One thing I find interesting is how they deal with him being grossly OP. When you look at what I’ll call “The Main Three” of these Video Game Isekai stories – SAO, Overlord, Log Horizon – you’ll see fairly different approaches. Shiroe, of Log Horizon, isn’t OP. At all. The dude’s just brilliant. And he relies on his allies a lot. Kirito and Momonga, on the other hand, are extremely OP. Albeit for different reasons. Momonga is perhaps a hybrid of the two. He was at a god tier in his game before its servers shut down. And he retained all the power he’d gained over presumably years of playing. Kirito… I dunno. He Shounen’d his way to the top, or whatever. But Satou? He literally becomes godly OP because of a coding error that he didn’t get the chance to fix before he wound up here. That. Is hilarious. And something you’ll definitely miss if you aren’t really listening to all the dialogue leading up to his waking up here. Not that he wouldn’t eventually become OP anyway. He is one of the devs. I’m sure he’d be able to figure everything out. But it’s just a funny subversion.
Of course, then comes the question. If he’s OP, then where’s the challenge? Well… as far as I can tell from cursory research, there isn’t one. And that’s actually intentional. See, this series, from what I understand, is actually supposed to be fairly laidback and chill, compared to the likes of others in its sub-genre. There really isn’t much of an emphasis on the action. So you shouldn’t expect epic duels or incredibly displays of tactical finesse. (Though if the premiere of Overlord II was to be believed, we shouldn’t expect it there, either) And that’s what I like about this. This episode sets up that mood flawlessly… until he gets there.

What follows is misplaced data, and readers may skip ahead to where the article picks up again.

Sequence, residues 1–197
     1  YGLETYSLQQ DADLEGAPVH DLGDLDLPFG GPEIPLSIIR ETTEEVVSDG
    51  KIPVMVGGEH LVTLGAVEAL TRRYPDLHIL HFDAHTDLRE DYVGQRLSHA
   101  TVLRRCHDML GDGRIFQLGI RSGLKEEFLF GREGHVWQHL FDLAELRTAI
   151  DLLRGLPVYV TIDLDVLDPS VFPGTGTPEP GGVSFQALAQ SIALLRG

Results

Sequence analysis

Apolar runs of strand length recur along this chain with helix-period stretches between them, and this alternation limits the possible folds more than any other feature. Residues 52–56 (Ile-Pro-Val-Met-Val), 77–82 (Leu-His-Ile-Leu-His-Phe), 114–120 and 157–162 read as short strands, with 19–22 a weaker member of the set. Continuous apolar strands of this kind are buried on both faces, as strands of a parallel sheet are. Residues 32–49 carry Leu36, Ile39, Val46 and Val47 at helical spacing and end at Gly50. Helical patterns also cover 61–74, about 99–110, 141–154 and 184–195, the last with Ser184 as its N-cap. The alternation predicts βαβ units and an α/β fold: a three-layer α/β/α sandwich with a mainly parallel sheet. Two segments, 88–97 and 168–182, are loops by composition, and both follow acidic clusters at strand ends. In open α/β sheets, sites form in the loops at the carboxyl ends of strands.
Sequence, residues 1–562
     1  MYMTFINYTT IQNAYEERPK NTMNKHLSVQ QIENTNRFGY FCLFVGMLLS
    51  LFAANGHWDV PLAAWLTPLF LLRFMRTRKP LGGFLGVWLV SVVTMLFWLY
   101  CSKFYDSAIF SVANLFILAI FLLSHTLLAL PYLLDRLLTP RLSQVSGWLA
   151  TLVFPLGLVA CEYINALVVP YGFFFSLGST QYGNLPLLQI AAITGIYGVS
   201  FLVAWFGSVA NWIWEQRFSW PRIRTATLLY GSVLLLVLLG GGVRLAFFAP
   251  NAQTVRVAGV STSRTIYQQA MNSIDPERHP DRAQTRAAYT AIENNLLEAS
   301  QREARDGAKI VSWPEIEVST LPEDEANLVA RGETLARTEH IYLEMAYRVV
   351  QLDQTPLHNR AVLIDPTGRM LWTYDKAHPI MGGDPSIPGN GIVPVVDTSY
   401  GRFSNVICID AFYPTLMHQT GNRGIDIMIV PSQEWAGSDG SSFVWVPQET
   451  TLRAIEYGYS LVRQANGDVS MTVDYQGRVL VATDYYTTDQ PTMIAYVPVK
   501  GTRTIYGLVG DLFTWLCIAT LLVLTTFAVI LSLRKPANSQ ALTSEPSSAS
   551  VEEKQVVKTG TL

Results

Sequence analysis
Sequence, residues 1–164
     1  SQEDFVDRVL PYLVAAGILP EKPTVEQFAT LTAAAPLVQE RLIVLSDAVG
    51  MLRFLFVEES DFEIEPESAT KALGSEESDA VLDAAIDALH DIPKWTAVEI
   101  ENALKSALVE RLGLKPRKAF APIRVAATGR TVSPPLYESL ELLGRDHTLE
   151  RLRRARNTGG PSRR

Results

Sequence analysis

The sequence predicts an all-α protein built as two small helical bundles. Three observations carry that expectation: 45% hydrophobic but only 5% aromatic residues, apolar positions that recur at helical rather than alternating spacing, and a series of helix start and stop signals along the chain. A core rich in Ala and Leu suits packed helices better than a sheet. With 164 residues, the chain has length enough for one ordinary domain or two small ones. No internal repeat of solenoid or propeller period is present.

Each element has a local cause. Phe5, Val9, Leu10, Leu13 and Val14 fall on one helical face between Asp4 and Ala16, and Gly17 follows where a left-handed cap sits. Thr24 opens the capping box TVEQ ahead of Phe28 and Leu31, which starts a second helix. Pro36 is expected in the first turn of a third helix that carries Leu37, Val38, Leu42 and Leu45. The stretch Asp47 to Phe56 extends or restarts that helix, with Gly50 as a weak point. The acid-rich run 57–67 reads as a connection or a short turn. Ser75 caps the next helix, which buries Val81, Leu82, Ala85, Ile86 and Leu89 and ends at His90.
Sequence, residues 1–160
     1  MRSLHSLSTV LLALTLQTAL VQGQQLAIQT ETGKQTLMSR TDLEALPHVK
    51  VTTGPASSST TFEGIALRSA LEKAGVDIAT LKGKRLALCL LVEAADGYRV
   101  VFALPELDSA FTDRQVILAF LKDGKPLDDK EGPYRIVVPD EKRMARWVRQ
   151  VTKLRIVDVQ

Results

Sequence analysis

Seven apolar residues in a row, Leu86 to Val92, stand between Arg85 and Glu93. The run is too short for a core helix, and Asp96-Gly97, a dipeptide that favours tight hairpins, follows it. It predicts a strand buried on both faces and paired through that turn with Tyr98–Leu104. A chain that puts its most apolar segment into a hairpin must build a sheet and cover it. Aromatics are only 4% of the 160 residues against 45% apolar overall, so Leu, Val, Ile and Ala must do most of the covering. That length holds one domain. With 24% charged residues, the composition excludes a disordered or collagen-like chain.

And I understand that they needed to get him to a point where he was, in fact, this powerful. I’m also fairly certain he’ll eventually happen across some higher-leveled threats and whatnot, just for the sake of keeping things interesting. But why spoil the ride by going too fast? What the second half of this episode does is probably going to irritate people. But really it was just a means to an end that happened to be a little unintentionally misleading. And I wasn’t personally bothered by it.
Overall, this isn’t an episode that’s going to blow anyone’s socks off. But I don’t really think that’s the point. It’s not extremely funny, the action’s not really animated all that well. But the lead character is likable and the show has some interesting ideas that I think could really help it stand out from the likes of others of its ilk. It’s does its job, and does it well. Thus I can comfortably call is Super Effective. But if you’re just tired of Gaming Isekai stories, maybe you’ll wanna see a different Isekai sub-genre at play. I also covered the premiere of Maerchen Maedchen. And while the first episode was a bit rocky, it has a lot of potential. Why not check out the review.
Or if you think this is the breath of fresh air you needed out of this sub-genre, then see for yourself. Death March to the Parallel World Rhapsody is Simulcast on Crunchyroll, Thursdays at 11:30am EST.